ERIC Number: ED396911
Record Type: RIE
Publication Date: 1996-Apr
Engineering Design in the Classroom: Is It Good Science Education or Is It Revolting?
Carlsen, William S.
This paper reports on a longitudinal study of the incorporation of engineering design into secondary classrooms by math, science, and technology teachers who were alumni of a week-long intensive inservice course at the Thayer School of Engineering at Dartmouth College (New Hampshire). Data collection methods included observations and interviews, surveys, written materials, and site visits. Results indicate that about three-quarters of the teachers effected a full implementation of the problem-solving method during the first year following the workshop. Other findings include: (1) math teachers were less likely to have their students build concrete models and less likely to do any implementation than science teachers; (2) implementation was most common in a teacher's highest-ability class; (3) some teachers were genuinely surprised by the resistance that students expressed to doing the projects; and (4) teachers were candid in admitting that they did not cover subject matter content that they had covered previously in their teaching. It was concluded that engineering design is good science education as it incorporates imaginative views on teaching about technology and society and can engage students in sociologically authentic science. However, engineering design is also revolting, since its implementation requires that teachers rethink what it means to teach science. Contains 27 references. (JRH)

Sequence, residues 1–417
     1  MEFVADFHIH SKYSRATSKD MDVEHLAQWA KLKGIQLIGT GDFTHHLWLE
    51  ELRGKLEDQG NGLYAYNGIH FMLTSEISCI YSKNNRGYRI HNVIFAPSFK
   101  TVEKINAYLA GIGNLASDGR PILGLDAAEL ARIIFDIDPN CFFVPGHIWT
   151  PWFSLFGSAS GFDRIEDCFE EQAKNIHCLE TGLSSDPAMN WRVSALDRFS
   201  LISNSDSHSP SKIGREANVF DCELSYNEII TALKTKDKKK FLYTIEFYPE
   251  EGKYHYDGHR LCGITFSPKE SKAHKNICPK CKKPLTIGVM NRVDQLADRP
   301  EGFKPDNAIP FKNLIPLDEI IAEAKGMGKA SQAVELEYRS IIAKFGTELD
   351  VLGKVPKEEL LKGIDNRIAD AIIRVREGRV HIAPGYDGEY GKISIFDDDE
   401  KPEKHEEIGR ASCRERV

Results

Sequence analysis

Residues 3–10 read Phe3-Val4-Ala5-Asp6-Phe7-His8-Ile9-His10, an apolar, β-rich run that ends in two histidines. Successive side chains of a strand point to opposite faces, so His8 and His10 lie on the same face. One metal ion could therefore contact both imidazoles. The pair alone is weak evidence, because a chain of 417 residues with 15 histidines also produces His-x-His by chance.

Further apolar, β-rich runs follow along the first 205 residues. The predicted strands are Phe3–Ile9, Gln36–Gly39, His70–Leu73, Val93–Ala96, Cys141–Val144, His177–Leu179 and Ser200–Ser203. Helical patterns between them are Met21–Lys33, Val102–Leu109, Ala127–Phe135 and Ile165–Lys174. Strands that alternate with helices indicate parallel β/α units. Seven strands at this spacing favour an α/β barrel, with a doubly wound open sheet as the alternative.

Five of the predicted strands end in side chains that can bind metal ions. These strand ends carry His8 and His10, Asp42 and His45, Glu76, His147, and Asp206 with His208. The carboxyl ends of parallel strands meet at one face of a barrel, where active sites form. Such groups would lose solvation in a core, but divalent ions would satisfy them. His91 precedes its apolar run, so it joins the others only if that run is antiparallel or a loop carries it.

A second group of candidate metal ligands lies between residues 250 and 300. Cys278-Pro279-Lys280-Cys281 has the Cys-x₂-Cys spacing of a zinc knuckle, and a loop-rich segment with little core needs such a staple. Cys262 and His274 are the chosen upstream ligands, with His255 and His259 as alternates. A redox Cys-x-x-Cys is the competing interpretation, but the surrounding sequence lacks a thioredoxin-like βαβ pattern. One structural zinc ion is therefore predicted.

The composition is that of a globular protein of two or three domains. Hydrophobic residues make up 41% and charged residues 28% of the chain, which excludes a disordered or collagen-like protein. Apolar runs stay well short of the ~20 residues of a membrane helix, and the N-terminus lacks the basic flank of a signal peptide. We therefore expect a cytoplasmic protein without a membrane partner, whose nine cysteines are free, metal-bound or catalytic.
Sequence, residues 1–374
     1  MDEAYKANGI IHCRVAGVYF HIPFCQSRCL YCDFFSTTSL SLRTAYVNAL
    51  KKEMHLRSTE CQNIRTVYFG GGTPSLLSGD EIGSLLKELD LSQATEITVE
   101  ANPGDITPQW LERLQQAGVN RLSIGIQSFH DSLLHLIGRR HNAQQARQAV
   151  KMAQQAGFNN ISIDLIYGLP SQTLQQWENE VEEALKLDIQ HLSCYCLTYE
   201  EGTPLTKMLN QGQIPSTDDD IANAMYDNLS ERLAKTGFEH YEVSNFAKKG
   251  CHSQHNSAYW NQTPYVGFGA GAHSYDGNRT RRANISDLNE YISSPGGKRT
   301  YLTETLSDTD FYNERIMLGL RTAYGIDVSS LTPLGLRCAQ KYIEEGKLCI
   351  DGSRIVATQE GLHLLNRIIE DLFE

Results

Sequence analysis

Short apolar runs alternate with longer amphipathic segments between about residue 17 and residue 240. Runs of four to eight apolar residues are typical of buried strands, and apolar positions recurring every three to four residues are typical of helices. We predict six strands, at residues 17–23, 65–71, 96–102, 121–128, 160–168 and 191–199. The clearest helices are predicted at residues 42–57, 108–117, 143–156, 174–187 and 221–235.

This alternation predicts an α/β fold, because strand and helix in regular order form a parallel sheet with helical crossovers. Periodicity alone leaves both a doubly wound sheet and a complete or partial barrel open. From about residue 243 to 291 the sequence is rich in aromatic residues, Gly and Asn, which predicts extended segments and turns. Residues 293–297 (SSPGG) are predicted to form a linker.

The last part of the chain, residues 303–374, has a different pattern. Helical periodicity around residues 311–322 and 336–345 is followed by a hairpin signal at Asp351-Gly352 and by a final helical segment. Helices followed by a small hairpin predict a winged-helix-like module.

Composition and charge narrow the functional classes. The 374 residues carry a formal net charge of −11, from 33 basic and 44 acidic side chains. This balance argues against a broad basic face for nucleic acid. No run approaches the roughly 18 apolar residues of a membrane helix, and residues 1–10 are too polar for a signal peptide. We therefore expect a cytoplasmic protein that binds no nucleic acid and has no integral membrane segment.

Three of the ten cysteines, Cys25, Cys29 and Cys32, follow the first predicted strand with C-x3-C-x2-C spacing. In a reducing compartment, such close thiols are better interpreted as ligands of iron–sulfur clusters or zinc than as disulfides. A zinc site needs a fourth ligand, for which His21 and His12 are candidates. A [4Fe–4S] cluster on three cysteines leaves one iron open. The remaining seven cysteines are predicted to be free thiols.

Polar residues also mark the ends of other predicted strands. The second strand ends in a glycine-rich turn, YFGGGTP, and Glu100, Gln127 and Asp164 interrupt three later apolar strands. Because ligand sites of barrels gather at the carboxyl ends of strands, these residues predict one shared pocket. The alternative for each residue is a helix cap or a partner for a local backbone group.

Publication Type: Reports - Research
Education Level: N/A
Authoring Institution: N/A
Note: Paper presented at the Annual Meeting of the National Association for Research in Science Teaching (St. Louis, MO, March 30-April 3, 1996).